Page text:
As we seek solutions to our climate crisis, we have a lot to learn from the wisdom of Nature.

Watching a whale breach in the ocean is truly magnificent and breathtaking!

Planet Earth is a finely-tuned living organism with a delicately balanced ecosystem that has reached a tipping point due to human activity. If you balance a scale at the center you can easily see that the slightest force exerted at either end can shift the balance. Humans are not the only thing that creates greenhouse gases, but the gases we have added to the atmosphere have become enough to upset our global climate in profound ways. In order to correct our course we may need to understand how nature has kept this delicate balance, which has allowed all of life to flourish for millennia. We have good reason to protect, preserve, and understand the beings that have lived harmoniously with their environment since long before humans came along. One such creature, a mammal like us, is the whale.

Many of us saw the viral video, How Wolves Change Rivers that was created by Sustainable Human and narrated by George Monbiot (remixed from a TED Talk). The video was viewed more than 18 million times, whereas the original TED Talk was viewed about 85,000 times. Besides being an extraordinary video, it is a media-collaboration that has done wonders to inspire and educate millions of people. The next video in this series, How Whales Change Climate is ripe for a global conversation as people are beginning to wake up to our shared responsibility to address climate change.

“By changing the story, we change our world.”

– Sustainable Human
George Monbiot: For more wonder, rewild the world

The video is packed with great information, stunning footage, and creative animations. This will certainly be enjoyed by anyone who loves the oceans. Organizations like Sea Shepherd understand the importance of whales and dolphins to the oceans eco-system. Here is the validation of the vital role that these animals in the larger climate crisis. Sustainable Human has also included educational tools that make this scientific research easy to digest, which allows everyone the opportunity to participate in sharing the inspiration on social networks!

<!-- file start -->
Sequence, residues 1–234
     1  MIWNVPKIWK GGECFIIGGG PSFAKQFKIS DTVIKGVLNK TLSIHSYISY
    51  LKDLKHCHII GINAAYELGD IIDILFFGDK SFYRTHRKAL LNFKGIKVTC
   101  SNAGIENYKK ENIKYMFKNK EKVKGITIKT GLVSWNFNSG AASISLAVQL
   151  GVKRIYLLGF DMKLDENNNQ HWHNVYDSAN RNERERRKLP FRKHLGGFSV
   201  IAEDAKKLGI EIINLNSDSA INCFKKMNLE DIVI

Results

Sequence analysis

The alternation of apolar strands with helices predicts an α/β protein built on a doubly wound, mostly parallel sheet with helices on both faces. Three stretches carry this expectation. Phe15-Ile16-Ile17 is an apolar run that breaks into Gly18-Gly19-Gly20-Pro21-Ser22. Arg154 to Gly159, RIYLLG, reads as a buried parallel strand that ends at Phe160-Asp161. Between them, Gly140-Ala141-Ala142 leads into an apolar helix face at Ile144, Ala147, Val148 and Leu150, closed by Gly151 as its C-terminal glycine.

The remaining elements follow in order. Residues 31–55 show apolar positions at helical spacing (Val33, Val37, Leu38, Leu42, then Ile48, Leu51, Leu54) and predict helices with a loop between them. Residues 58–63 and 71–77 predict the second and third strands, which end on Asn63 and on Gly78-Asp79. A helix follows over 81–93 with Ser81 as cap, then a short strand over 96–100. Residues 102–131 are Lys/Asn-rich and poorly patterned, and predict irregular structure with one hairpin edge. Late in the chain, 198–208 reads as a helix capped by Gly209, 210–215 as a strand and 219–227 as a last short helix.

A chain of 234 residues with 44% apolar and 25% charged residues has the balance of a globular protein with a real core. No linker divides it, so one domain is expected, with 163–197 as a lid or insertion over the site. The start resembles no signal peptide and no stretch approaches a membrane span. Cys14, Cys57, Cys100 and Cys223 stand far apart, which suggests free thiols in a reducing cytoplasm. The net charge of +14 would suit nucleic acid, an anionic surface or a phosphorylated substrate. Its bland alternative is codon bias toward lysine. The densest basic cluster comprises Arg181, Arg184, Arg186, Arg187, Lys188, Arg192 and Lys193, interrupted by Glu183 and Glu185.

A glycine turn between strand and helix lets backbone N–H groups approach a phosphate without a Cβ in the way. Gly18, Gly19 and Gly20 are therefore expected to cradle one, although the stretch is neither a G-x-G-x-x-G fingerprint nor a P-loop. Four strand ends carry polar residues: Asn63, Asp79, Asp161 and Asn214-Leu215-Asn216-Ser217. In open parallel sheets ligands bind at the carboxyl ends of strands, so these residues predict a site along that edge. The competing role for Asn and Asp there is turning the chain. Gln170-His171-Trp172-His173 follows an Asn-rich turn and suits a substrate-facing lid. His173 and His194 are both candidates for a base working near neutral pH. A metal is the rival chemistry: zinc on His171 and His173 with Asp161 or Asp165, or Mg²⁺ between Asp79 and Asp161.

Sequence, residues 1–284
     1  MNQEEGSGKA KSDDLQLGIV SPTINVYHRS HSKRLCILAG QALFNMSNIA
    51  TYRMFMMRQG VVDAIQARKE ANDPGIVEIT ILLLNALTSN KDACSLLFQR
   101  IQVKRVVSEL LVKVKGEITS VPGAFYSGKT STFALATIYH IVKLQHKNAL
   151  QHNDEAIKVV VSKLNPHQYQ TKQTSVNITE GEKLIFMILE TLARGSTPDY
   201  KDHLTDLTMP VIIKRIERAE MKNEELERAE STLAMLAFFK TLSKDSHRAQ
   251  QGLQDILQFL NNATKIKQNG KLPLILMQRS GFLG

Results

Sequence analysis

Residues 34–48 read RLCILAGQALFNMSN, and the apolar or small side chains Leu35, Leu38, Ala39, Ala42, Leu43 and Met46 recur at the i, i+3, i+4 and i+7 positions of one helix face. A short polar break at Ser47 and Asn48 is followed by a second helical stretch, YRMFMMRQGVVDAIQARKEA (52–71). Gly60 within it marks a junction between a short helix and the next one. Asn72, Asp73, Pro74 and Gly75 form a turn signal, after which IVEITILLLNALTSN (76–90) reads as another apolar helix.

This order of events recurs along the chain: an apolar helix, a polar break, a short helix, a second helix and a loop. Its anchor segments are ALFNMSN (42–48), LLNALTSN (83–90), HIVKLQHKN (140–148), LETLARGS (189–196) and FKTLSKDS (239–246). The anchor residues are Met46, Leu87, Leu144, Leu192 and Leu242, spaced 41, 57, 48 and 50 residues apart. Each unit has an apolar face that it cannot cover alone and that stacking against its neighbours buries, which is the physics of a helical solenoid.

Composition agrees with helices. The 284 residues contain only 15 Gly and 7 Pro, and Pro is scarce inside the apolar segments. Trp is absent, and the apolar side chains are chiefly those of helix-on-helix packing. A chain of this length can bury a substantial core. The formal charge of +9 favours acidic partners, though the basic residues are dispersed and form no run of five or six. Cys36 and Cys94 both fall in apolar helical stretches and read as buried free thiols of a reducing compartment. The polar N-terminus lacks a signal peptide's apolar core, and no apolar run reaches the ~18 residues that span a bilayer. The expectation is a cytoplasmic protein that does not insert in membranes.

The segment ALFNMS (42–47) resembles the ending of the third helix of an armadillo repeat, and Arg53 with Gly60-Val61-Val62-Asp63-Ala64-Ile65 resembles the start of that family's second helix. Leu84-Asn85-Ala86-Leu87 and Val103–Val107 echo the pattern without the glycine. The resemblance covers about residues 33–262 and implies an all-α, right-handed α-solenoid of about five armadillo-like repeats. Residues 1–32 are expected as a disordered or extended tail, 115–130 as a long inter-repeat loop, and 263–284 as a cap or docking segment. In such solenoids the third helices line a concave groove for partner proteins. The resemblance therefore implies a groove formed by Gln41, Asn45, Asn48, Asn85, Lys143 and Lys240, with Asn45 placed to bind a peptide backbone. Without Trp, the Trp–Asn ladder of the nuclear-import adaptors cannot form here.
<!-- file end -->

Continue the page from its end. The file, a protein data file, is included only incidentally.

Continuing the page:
“Our mission is to end the destruction of habitat and slaughter of wildlife in the world’s oceans in order to conserve and protect ecosystems and species.”
– Sea Shepherd

Nutrients from whale dung moving through the ocean ecosystem. Image courtesy of ORCA, Ireland

Whales fertilize plankton which allows it to flourish along with the fish that eat the plankton. The plankton also sequesters carbon from the atmosphere, helping to keep the delicate balance of our climate in check. More plankton means more fish to feed the whales, so long as humans stop killing the whales. Nature works in beautiful harmony when we let it.

The return of the great whales, if they are allowed to recover, could be seen as a benign form of geo-engineering. It could undo some of the damage we have done, both to the living systems of the sea, and to the atmosphere.

Whales help to keep oceans healthy, and there is evidence that they are quite intelligent. Humans are also learning to apply nature’s wisdom through technologies like bioremediation. This is a technique that utilizes naturally occurring organisms to break down hazardous substances into less toxic or non-toxic substances. Practices associated with this idea are permaculture and biomimicry. For non-scientists, some quiet time in a forest or sitting on a beach will demonstrate the awesome healing power and wisdom in nature. The time to end our conquest of nature and begin living in harmony with our environment is upon us.

Though the video mentions just how potent whales are in fighting climate change, it is important to note that we are still engaging in many practices that are contributing to our climate problems, and that they will need to end. Coal and fossil fuels are at the top of the list, as they create more carbon than even a healthy ocean or whale population could help to mitigate. Deforestation, fracking, and extractive industries are also a major problem for our environment, but luckily there are plenty of solutions waiting for us if we are willing to make a change. You are officially invited to deepen your commitment to the small changes as well as taking action to hold industry and political leaders accountable. Together we can make the changes needed along with our whale friends in the ocean!

Jacob Devaney

Jacob blogs for Huffington Post and others in addition to Culture Collective. He specializes in social media, and cross-platform (or trans-media) content and campaigns. Meditation, playing piano, exploring nature, seeing live music, and going to Hopi Dances are some of his passions. As a co-founder of, Jacob lives for community and believes that we are all interconnected with our own special gift to offer the world.

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